IN YAOUNDE, CAMEROON
When Sharon Chepchumba’s spike flew past Christelle Nana and Ruth Bibinbe, the writing was on the wall. Kenya’s best performer of the night packed so much power on the ball and there was no way Cameroon’s libero Cathy Ambassa was going to dig that.
By the time the ball landed on court, Edith Wisa went on her knees and broke down in tears. Chepchumba raced past the first referee in celebration, one arm punching in the air and darted straight to the terraces where she embraced Kenya's team manager Mududa Waweru mid-air.
The drummists and dancers that had rallied the Cameroon team all night stopped cheering and one by one, the over 5000 fans started trooping out of Palais polyvalent des sports (Paposy) Arena. It dawned on them that the Olympics ticket was gone.
Kenya coach Paul Bitok had just delivered a tactical masterclass as his charges edged Cameroon 3-2 (25-16, 23-25, 25-21,23-25, 15-11) at the ongoing Tokyo Olympics qualifiers.
Every player stepped on court as Kenya came out victorious in a nervy five-set thriller at the fully packed Paposy Arena. The win takes Kenya’s tally to eight points and victory against lowly Nigeria will see the nine-time African champions return to the Olympics after 16 years regardless of the result between Egypt and Cameroon on Wednesday.
Cameroon have seven points and can only qualify if Kenya fail to pick maximum points against bottom-placed Nigeria on Thursday.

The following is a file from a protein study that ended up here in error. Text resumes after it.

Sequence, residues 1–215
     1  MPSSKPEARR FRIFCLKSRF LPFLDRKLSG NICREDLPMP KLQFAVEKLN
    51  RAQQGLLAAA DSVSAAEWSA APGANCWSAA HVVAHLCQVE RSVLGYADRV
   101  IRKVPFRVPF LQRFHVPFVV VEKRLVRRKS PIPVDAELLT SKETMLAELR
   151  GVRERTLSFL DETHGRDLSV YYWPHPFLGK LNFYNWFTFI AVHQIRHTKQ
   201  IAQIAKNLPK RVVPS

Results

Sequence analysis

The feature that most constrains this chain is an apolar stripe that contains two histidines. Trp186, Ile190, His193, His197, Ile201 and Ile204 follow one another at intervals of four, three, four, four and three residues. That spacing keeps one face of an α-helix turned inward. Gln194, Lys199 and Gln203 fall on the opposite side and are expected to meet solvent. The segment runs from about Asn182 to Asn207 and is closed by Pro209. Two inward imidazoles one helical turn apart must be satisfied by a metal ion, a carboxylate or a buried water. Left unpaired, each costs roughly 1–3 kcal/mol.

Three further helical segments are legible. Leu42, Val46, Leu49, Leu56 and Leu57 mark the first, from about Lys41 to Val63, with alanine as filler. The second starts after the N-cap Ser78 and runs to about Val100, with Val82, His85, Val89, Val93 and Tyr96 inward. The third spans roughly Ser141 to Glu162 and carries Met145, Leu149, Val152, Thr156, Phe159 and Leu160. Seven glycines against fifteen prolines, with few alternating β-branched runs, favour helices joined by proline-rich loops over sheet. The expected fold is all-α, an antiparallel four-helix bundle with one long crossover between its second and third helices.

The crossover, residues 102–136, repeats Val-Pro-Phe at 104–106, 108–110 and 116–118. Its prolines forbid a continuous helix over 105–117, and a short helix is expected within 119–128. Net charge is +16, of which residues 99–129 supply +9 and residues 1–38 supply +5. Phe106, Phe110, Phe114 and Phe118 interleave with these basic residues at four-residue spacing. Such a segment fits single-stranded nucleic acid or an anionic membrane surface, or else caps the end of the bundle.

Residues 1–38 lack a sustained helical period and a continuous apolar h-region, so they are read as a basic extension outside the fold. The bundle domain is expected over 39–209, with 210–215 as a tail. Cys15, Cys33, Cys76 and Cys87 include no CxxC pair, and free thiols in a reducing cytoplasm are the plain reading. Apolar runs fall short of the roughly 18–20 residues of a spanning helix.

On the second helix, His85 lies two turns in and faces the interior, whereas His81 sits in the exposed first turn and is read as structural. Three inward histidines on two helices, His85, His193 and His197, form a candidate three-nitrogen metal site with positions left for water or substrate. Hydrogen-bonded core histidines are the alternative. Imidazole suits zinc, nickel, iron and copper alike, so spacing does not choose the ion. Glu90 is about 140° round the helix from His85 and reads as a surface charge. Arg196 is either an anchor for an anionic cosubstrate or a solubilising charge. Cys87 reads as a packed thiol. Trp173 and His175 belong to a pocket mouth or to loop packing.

“Whenever we meet Cameroon it’s war, it’s not just a normal game. We remained calm all through and didn’t put our players under pressure. We had strong services which worked well for us since it prevented them from playing through the middle. Side block was going to be easy for us,” said Bitok.
“This win is important for me. I have now beaten both Cameroon men and women at home and I am proud of my players for giving me this win,” he added.
Qualifying for the Olympics was the ultimate goal when Bitok took over from Finnish coach Shaileen Ramdoo in August last year. Taking over a divided team, Bitok’s immediate task was to unite the team and he did that by winning the African Games title.
But this was a different task. Kenya had last played in the Olympics in 2004 and beating Cameroon was the only sure way of securing a return to the Summer Games.
After beating Egypt and Botswana, Kenya had set the stage for a decided against the hosts who had also seen off Nigeria and Botswana in straight sets.
Bitok recalled Noel Murambi to his first six for the first set and her experience did count. Kenya raced to an 8-5 lead in the first technical time out, which was increased to 16-7 at the second technical time out. The first set was secured at 25-16 but Cameroon regrouped for the second.
This one was closely contested, but Cameroon coach Jean Rene Akono reaped big from his decision to introduce setter Yolande Amana and Bibinbe. The pattern of the opening two sets was returned as Kenya won the third before Cameroon tied the set scores by clinching the fourth.
Trailing the fourth set 12-16 at the second technical time out, Bitok made a raft of changes that saw Gladys Ekaru, Joan Chelagat, Joy Lusenaka, Leonida Kasaya and Joan Chelagat all step on court.
“ All my players know that they have a role to play so when I realised we were going to lose that set so I had to rest my key players and prepare well for the fifth set. It’s a tactic that has worked well for me before so it's about experience,” said Bitok.
And the reward arrived in the tie-breaker. His first six, well rested and recovered, opened an 8-2 lead at the change of sides. Then Cameroon cut the gap to only three points at 9-6, but Kasaya made a side out and Malkia Strikers were unstoppable.
Wisa delivered the match point with a sizzling attack through the middle and then the star of the show Chepchumba delivered when it mattered most.